Having clean and continuous water may not seem as something that would bring an individual happiness as that is an aspect of life even the poorest have access to in Canada. But standing amongst those who had to walk at least an hour just to get 1 trip of water, you take a moment to realize how we take the smallest things for granted.
WNC and TSS aren’t just bringing water to these rural areas, but they are developing lives of women, of castes, and are spreading the pure bliss of smiles and happiness.
World Neighbours Canada has been operating for over 20 years and continues to do an amazing job changing lives in Nepal, Honduras, and Burkina Faso. WNC is indeed a very unique organization as all members work out of their homes to lower admin costs so 100% of donations are sent right to field programs. Not only that, but all donations are matched by the Canadian International Development Agency(CIDA).
Being a citizen of a developed country, it sometimes seems unrealistic as to what our spare change or ten dollar bill we hand to that student who’s walking door to door can do. When participating in SOSS World Neighbours Club’s 24 hour fasts we knew the money we raised was helping someone, but I don’t think we realized just how much it was changing lives. After visiting Ramechhap I will never forget that we can only change the world one step at a time. With your Loonie we may not overcome poverty all together, but just remember that someone’s life will become that much easier and we as a global family become that much closer to our ultimate goal of eradicating poverty.
Thank you World Neighbours Canada for showcasing what a true organization can do when only thinking of the benefit of others. You all are amazing volunteers that we are proud to have within our Okanagan communities.
A huge thank you to TSS in Ramechhap especially Suresh Shrestha for being such a kind host and taking the time to welcome us into your organization and community.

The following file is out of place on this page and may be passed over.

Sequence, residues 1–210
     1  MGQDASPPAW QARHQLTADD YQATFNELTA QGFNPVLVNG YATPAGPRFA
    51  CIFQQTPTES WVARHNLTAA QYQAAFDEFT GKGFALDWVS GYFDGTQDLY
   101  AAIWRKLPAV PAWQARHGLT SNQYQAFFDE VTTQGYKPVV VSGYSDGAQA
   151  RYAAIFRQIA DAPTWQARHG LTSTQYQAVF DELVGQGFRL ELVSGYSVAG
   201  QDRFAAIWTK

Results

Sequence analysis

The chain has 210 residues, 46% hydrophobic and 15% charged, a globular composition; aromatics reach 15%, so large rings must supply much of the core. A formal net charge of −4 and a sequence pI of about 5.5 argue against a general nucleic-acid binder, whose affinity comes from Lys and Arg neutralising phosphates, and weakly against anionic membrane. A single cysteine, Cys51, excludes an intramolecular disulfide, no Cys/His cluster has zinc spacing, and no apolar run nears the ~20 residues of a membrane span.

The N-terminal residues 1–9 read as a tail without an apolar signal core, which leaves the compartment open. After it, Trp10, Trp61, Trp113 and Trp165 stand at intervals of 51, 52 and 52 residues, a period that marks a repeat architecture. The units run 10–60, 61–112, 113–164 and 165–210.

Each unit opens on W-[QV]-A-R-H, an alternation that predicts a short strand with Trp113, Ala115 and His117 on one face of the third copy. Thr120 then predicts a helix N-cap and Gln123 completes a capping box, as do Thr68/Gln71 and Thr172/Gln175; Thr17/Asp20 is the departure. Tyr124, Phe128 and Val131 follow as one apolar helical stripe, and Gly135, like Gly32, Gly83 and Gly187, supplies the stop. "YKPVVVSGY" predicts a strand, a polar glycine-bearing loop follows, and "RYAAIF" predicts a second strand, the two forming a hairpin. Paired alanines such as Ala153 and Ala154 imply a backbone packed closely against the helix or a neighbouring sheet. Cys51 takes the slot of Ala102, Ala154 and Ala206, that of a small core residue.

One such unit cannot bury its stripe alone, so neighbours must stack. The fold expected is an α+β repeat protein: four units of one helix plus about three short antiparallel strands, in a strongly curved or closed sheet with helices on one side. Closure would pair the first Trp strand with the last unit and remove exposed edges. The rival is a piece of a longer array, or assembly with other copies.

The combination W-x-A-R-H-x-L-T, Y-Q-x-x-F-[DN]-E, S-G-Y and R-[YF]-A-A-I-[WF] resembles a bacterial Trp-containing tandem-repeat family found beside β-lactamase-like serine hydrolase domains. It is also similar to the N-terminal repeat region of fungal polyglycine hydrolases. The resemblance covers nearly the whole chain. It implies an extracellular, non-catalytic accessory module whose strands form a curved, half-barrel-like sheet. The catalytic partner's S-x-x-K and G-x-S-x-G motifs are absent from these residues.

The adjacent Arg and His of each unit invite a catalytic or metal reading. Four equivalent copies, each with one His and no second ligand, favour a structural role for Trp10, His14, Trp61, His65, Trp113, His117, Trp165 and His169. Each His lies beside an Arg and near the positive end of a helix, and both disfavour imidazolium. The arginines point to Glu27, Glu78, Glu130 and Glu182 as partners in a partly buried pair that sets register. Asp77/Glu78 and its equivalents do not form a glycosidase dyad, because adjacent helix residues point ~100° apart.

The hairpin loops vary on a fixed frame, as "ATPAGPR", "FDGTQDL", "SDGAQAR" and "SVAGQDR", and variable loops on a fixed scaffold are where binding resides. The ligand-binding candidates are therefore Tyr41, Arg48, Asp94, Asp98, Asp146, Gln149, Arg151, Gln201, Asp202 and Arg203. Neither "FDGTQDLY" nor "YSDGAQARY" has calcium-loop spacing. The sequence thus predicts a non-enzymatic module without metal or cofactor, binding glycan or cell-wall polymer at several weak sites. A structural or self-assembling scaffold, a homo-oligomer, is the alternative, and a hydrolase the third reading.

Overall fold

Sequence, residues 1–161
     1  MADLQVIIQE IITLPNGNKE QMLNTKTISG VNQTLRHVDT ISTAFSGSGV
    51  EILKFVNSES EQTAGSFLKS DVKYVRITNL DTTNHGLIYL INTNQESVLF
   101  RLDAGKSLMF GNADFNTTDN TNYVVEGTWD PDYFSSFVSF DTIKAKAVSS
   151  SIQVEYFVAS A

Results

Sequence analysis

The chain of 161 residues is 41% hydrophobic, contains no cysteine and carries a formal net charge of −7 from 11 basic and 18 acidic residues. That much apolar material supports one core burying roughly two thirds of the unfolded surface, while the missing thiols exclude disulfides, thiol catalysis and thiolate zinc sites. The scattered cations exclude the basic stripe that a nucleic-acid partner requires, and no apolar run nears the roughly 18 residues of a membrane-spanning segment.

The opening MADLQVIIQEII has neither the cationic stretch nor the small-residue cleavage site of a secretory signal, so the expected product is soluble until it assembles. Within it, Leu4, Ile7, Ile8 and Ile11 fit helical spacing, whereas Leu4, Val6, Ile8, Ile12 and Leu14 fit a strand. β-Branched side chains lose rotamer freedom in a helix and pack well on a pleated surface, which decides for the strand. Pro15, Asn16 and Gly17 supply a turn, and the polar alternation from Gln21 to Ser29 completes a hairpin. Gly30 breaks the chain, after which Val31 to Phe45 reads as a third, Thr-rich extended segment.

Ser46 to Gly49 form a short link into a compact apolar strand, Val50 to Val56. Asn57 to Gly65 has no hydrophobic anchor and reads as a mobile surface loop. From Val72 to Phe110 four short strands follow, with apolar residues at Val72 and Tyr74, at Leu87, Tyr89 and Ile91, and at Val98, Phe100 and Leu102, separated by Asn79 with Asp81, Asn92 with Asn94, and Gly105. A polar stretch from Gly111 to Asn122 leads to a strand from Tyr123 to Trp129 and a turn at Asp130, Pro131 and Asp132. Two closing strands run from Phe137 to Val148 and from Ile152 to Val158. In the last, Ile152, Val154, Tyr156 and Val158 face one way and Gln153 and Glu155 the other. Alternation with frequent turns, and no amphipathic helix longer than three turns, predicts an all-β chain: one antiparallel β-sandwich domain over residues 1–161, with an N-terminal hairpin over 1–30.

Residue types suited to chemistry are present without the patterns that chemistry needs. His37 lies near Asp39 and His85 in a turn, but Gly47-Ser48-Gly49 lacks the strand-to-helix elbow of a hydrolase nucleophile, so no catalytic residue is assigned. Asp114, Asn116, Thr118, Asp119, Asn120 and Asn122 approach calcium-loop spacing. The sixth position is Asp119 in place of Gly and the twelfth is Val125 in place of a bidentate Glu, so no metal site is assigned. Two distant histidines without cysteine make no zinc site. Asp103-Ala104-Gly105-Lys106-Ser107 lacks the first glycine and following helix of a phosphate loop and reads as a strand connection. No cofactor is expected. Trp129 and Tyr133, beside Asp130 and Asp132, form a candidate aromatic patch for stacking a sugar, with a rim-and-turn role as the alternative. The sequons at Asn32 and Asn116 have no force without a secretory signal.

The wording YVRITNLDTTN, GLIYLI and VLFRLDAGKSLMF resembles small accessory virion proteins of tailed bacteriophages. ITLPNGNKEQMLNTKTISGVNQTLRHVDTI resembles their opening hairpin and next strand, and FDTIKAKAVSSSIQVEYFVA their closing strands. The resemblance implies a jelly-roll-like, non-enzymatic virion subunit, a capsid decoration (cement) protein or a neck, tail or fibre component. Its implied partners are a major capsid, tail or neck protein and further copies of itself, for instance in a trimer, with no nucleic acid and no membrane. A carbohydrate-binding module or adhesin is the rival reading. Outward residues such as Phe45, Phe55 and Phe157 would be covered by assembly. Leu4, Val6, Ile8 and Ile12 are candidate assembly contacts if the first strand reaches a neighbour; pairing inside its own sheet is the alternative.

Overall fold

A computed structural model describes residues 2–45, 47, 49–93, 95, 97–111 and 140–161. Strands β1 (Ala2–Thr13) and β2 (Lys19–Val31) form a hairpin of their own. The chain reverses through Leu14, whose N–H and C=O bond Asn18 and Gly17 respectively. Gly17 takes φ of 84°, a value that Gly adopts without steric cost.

It is not easy getting to the Ramachhap district. We left Kathmandu around 8am after meeting Suresh, the TSS director in Kathmandu. TSS is short for Tamakoshi Sewa Sameti, or in English, Tamakoshi Service Society, the NGO working with WNC in Nepal. Suresh hired a Tata 4×4 with a young driver named Dinesh.
There were nine of us, Libby, myself, our son Ian, our daughter Sarah, her husband Brian, and their two kids, Yuma, aged 13, and Olyn, aged 6, and of course Suresh and Dinesh. All to fit into a rather small vehicle. This is Nepal and so you always fill the vehicle.
Manthali, our goal for the first day, is the largest town in the Ramachhap district. It lies about 200 kms east of Kathmandu near the banks of the Tamakoshi River. It is from this river that TSS derives its name. From Manthali, you climb up a very rough dusty track for two hours to Ramachhap, the main market village in the Ramachhap district. Ramachhap is also the starting point for a daily bus to Kathmandu. A further drive of about an hour leads to the end of the road, at which point you have to walk to get to the village of Salleni.
Charikot, a large bustling regional town, is about half way along the route from Kathmandu to Manthali. It sits on a knife edge piece of land that overlooks the lowlands to both east and west. It is a natural stopping point for lunch.